I've been putting a measure of time into the Xen environment. I've learned
a few things, I'm an amatuer as of now.
The gist of what I know is that to run FreeDOS as a VM in Xen you need QEMU
as a virtual hardware bubble. I believe Xen can run QEMU as a VM and
FreeDOS inside that. I believe this because I read an article in LINUX PRO
Magazine(as I remember) hwhere CentOS's install CD will not boot directly
with Xen. The article used QEMU's hardware emulation to boot the CentOS CD
for installation. It worked then.
The books below mentions the use of Boch's hardware emulation. You'll have
to look into the details of Xen yourself at
http://en.wikipedia.org/wiki/Xen. Note that Xensource is now owned by
Citrix, the maker of Citrix
Mainframes, a blader server like product. They are known to have a close
relationship with Microsoft. Whether this is good or bad is not known to
me. Try to Google 'Xen HVM'.
Here are the books I've found at the local Borders and the Barnes and
Noble. These two should give a fairly good introduction to Xen's Theory of
Operations and how to setup and run virtual servers.
ref: The Definitive Guide to the Xen Hypervisor; by David Chisnall; ISBN:
978-0-13-234971-0; 2008; Pub. Prentice Hall; $50;
This book is a hardcore look at the architecture of the Xen Hypervisor with
specific reference as to how it is implemented at the assembly language
level of microprocessors. It works its way upward towards the details of
the interactions of between master OS, dom0, and the guests, domU or
Hardware Virtural Machines, HVM's. This is the foundation of how the Xen
A pet peeve of mine is the lack of comprehensive Glossary, Chapter notes and
references, and supporting Appendix. The index could have much more bulk to
it as well, however this book is quite good.
Xen is a moving target, many changes are being either discussed or
implemented. One question that comes to mind is whether an online book
would be a better at this point in time. Changes in Xen can be expected
over the next few years. It would be good to have a ever changing
Professional Xen Virtualization; by William von Hagen; ISBN;
978-0-470-13811-3; Pub. Wrox, Wiley Publishing, Inc.; $50
This book is more about how to install, setup, and administer Xen based
virtualization. He discusses the history of VM's back through IBM's S/360's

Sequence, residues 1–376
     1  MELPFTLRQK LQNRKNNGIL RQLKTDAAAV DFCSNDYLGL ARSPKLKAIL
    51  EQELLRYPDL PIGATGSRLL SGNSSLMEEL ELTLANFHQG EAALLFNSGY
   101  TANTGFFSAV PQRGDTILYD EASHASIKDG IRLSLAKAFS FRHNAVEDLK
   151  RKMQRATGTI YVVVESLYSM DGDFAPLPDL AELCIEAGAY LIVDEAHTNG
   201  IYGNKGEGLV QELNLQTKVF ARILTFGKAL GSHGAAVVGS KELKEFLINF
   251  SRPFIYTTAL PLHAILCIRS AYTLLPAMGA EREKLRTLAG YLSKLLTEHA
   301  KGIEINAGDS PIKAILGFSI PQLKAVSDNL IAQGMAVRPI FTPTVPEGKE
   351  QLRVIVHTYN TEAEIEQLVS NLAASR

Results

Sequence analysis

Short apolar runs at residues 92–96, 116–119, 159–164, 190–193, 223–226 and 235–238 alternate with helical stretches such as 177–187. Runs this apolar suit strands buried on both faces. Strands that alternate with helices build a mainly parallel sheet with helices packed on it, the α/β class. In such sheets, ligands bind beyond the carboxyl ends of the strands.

to all of today's significant virtualization projects and techniques. I
will give you the knowledge of how to run a Xen system and data center.
Good luck on virtualizing FreeDOS.
On Wed, Mar 5, 2008 at 1:30 PM, Jim Hall <[EMAIL PROTECTED]> wrote:
> I've run FreeDOS in a PC emulator lots of times, including VMWare. It runs
> The only thing I like to point out to people is that VMWare (or
> whatever emulator) really is acting like a PC. That means the BIOS
> settings are probably set to a default. The BIOS in the emulator is
> probably set to boot from hard drive first, then floppy, then CDROM
> (which may be an ISO image.)
> When you first define the VM for FreeDOS and try to boot the install
> CD, the virtual hard drive is uninitialized, so can't boot from it. So
> it tries floppy ... nothing there ... so tries the CD. That works, so
> the install CD works as you'd expect.
> After you've partitioned the hard drive using FDISK and reboot, the
> BIOS tells the virtual PC to try the hard drive first. This time,
> there's a C: drive there, so VMWare will try to boot from it - but it
> doesn't have an operating system on it yet. You'll get a "no operating
> system found" or some similar message.
> The solution: when you boot your virtual FreeDOS PC, go into the BIOS
> setup and change the boot order to:
> 1. CDROM
> 2. hard drive
> 3. floppy
> Then it will work as you expect, and you'll be able to finish the install.
> On 3/4/08, Marcelo Nolodigo <[EMAIL PROTECTED]> wrote:
> > I'm trying to install freedos on a VMWARE 6 virtual machine.
> > Is there some caveats regarding it ?
> > TIA
> > Marcelo
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